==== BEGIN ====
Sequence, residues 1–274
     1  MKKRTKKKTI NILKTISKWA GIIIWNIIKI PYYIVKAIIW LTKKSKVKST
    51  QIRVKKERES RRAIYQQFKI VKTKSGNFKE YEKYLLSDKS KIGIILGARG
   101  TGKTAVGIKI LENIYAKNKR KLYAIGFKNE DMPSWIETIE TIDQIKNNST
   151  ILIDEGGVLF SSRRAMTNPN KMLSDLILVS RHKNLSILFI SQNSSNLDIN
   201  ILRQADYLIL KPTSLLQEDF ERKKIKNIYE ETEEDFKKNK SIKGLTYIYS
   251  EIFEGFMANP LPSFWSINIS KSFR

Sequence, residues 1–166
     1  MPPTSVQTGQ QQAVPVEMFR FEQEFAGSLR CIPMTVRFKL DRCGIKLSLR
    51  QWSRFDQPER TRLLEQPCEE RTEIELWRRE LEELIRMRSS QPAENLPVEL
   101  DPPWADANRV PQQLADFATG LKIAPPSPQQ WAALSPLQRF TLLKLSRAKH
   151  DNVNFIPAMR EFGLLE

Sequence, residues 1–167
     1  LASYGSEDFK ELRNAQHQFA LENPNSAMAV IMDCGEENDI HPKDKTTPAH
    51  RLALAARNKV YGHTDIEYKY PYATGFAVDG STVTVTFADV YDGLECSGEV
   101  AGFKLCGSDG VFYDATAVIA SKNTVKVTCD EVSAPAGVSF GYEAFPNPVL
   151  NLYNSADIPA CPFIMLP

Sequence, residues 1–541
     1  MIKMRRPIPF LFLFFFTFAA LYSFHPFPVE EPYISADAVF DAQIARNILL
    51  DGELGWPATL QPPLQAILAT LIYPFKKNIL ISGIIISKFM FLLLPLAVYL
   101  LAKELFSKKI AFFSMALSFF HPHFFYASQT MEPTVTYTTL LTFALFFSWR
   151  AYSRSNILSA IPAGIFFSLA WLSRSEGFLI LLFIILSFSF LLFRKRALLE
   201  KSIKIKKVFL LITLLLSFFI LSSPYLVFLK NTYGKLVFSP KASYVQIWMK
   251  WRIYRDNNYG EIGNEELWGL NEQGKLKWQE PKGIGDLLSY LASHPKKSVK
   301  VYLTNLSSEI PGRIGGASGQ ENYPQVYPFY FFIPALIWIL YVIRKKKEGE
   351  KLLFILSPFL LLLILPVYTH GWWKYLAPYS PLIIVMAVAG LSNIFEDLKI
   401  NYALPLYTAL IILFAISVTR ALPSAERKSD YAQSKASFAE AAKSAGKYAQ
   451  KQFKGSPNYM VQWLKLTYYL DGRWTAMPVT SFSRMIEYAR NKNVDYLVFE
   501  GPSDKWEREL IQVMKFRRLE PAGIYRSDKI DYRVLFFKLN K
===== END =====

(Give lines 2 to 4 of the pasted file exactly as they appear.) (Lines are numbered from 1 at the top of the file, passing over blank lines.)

     1  MKKRTKKKTI NILKTISKWA GIIIWNIIKI PYYIVKAIIW LTKKSKVKST
    51  QIRVKKERES RRAIYQQFKI VKTKSGNFKE YEKYLLSDKS KIGIILGARG
   101  TGKTAVGIKI LENIYAKNKR KLYAIGFKNE DMPSWIETIE TIDQIKNNST